Stratication of outcomes by stage of breast cancer These results are shown in table 3.

The main nding of this study was that a breath test accurately identied women with breast cancer, when a combination of volatile biomarkers was employed in a multivariate algorithm. These nding were consistent with the outcome of a previous study [12, 13].

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Table 2. Tentative identications of VOCs in top ten time slices. Rank 1 Tentative identication Cyclopropane, ethylidene 1,4-Pentadiene 1,3-Butadiene, 2-methylCyclotetrasiloxane, octamethyl3-Ethoxy-1,1,1,5,5,5-hexamethyl-3-(trimethylsiloxy)trisiloxane Benzoic acid, 4-methyl-2-trimethylsilyloxy-, trimethylsilyl ester

CAS no 18631-83-9 591-93-5 78-79-5 556-67-2 18030-67-6 NIST # 153593 1461-27-4 13898-73-2 13898-73-2 95-93-2 527-53-7 934-74-7 629-50-5 112-40-3 1120-21-4 74645-98-0 31295-56-4 629-50-5 629-59-4 629-50-5 629-62-9 475-20-7 72747-25-2 61262-67-7 19780-79-1 2/8/3913 79392-43-1 719-22-2 2460-77-7 NIST # 185414

598927-5 Cyclohexene, 1-methyl-5-(1-methylethenyl)-, (R)Cyclohexene, 1-methyl-5-(1-methylethenyl)Benzene, 1,2,4,5-tetramethylBenzene, 1,2,3,5-tetramethylBenzene, 1-ethyl-3,5-dimethylTridecane Dodecane Undecane Dodecane, 2,7,10-trimethylDodecane, 2,6,11-trimethylTridecane Tetradecane Tridecane Pentadecane (+)-Longifolene 1H-Cycloprop[e]azulene, decahydro-1,1,7-trimethyl-4-methyleneLongifolene-(V4)

2-Hexyl-1-octanol 1-Octanol, 2-butylTriuoroacetic acid, n-octadecyl ester 2,5-Cyclohexadiene-1,4-dione, 2,6-bis(1,1-dimethylethyl)2,5-di-tert-Butyl-1,4-benzoquinone Acetic acid, 2,6,6-trimethyl-3-methylene-7-(3-oxobutylidene)oxepan-2-yl ester


This table displays tentative identications of the VOCs in the top ten time slices that were ranked as the best biomarkers of breast cancer, according to their C-statistic values in the training set shown in gure 1. These identications were obtained by comparing the mass spectrum of the predominant VOC in each time slice to a library of mass spectra, and identifying the three compounds with the best concordance. CAS numbers are shown (or NIST number where CAS number unavailable). Closely similar alternative structures of some VOCs (e.g. variants of longifolene) as well as the inclusion of chiral compounds were identications generated by the NIST library of mass spectra. Table 3. Breath test outcomes stratied by stage of breast cancer. Stage of breast cancer IDC 1 2 3 4 All with staging data All patients Staging data unavailable No of patients 4 21 10 8 1 44 54 10 C-statistic 0.86 0.83 0.93 0.96 0.99 0.88 0.81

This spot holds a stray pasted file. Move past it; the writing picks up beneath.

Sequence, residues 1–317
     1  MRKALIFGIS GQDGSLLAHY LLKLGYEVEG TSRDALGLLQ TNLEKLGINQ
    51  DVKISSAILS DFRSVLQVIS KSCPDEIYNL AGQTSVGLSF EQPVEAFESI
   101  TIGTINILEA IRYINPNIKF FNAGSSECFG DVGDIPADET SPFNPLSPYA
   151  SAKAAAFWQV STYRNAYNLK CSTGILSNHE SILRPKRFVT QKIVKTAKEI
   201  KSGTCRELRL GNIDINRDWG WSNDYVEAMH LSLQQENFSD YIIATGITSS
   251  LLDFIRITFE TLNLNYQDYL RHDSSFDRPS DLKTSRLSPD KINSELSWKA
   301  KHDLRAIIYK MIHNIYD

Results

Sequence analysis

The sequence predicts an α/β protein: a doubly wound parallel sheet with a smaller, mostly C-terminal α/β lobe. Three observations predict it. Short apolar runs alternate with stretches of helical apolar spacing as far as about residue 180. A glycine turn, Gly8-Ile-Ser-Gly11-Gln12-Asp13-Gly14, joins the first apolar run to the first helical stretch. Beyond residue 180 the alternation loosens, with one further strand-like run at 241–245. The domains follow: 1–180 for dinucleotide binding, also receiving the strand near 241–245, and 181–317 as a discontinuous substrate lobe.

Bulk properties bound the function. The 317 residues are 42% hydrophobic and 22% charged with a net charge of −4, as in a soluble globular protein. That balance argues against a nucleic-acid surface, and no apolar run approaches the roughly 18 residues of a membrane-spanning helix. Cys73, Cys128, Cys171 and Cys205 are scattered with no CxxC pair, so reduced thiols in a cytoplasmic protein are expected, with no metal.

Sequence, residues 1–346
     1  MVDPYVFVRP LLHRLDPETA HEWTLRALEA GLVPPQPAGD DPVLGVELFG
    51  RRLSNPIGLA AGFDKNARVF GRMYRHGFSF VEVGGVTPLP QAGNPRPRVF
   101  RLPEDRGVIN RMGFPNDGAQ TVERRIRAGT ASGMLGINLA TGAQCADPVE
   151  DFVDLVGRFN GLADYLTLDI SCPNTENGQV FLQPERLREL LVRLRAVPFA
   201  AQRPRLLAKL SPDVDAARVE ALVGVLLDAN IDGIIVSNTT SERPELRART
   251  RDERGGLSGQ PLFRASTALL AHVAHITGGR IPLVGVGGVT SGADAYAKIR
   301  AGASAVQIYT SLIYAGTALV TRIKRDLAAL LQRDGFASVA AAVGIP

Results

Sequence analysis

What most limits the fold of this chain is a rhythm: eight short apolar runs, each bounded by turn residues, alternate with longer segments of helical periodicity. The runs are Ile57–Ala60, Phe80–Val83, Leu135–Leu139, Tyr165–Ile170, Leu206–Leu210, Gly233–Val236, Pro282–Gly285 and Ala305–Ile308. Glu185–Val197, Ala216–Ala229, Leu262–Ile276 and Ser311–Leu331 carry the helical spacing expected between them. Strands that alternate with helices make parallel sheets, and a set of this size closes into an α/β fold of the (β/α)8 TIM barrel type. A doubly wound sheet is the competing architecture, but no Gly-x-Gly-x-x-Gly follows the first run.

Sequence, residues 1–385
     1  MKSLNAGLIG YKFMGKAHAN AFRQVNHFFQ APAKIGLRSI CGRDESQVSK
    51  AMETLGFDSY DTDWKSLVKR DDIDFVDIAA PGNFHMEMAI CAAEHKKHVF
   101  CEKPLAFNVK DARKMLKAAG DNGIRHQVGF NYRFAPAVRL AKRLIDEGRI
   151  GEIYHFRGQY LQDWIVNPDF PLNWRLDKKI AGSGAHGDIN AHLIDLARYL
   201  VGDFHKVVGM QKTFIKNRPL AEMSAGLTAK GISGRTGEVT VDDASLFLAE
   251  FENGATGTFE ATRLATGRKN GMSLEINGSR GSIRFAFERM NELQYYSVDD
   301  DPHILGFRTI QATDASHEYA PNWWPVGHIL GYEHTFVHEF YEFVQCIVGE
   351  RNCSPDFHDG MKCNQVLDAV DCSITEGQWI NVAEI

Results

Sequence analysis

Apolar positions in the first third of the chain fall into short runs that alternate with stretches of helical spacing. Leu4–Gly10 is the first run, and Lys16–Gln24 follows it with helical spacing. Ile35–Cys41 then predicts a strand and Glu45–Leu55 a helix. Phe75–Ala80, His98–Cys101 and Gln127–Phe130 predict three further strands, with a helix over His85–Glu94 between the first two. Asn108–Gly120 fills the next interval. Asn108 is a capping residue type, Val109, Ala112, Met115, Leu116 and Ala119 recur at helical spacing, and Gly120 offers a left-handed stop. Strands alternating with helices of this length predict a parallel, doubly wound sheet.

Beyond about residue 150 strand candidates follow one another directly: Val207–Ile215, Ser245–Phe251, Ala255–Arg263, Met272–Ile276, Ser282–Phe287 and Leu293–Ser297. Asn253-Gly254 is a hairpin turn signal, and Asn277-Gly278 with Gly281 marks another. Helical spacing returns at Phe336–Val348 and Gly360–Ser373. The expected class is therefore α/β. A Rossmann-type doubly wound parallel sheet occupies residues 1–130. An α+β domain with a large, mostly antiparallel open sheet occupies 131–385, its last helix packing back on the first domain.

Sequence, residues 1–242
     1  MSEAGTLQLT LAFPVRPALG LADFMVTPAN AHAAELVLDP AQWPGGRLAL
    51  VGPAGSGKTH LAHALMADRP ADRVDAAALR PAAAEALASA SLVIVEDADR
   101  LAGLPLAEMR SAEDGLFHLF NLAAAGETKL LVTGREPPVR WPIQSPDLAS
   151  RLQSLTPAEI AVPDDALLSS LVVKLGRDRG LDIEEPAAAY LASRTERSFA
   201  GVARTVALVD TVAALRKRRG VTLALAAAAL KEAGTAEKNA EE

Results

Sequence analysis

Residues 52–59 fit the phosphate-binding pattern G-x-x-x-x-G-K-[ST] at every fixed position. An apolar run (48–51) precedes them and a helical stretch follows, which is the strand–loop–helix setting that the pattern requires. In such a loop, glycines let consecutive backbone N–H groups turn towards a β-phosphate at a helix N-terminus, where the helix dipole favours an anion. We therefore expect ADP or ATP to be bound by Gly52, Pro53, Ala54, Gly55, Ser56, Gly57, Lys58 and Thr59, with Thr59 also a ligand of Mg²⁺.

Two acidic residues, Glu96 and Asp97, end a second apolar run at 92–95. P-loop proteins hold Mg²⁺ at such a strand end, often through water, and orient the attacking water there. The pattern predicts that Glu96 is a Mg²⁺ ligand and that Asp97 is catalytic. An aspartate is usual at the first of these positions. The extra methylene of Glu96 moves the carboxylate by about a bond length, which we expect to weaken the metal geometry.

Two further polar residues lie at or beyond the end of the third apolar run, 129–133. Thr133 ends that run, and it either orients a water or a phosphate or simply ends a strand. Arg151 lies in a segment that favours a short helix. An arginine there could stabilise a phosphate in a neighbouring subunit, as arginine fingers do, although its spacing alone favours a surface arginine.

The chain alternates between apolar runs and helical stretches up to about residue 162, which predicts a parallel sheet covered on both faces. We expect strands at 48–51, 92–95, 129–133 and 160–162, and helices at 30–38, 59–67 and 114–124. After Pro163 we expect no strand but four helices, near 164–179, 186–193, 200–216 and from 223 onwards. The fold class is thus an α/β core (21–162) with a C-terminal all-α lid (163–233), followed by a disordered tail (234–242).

All diagnoses of breast cancer were histologically conrmed by breast biopsy. IDC = intraductal carcinoma. The C-statistic (area under curve of the receiver operating characteristic) indicates the accuracy of a diagnostic test. It varies between 0.5 (no better than random results) and 1.0 (a perfect test with no false-positive or false-negative results). These values were obtained by applying the algorithm derived from the training set to each of the different subsets of patients. Since each subset contained only a small number of patients, it is possible that some values might have been articially high. 5

The accuracy of a diagnostic test, or its likelihood of delivering the correct answer in a randomly selected population, is indicated by the value of its C-statistic [20], which may range from 0.5 (no better than a random coin ip) to 1.0 (a perfect test, with no false-positives or falsenegatives). The breath test had a mean C-statistic value of 0.88 in all women with breast cancer, ranging from 0.86 in intraductal carcinoma to 0.99 in stage 4 disease. This degree of accuracy compares favorably with the results of breast imaging; a large study of asymptomatic women presenting for screening mammography reported mean Cstatistic values of 0.74 for lm mammography and 0.78 for digital mammography [22]. We employed a Monte Carlo simulation technique to select a set of breath biomarker VOCs based on their individual C-statistic values, and to determine the lower limit of the accuracy of the multivariate WDA model. Monte Carlo methods are computational algorithms that achieve their results by using repeated random sampling. Originally

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HIGH- RISK GENOTYPE Cytochrome p450 polymorphs e.g. CYP19, CYP1A1, CYP1B1, and CYP3A4

HIGH- RISK PHENOTYPE Induced activity: aromatase other P450 enzymes



Normal metabolism

VOC products

Detectable changes in breath VOCs


Figure 3. Hypothetical basis of the breath test for breast cancer. A high-risk genotype comprising cytochrome P450 polymorphs may be activated to a high-risk phenotype, with induced activity of several cytochrome P450 enzymes including aromatase. Activation of aromatase results in accelerated biosynthesis of estrogen, with increased risk of breast cancer. Induced cytochrome P450 activity may simultaneously accelerate the clearance of endogenous VOCs, including alkane products of oxidative stress, resulting in detectable changes in composition of the breath.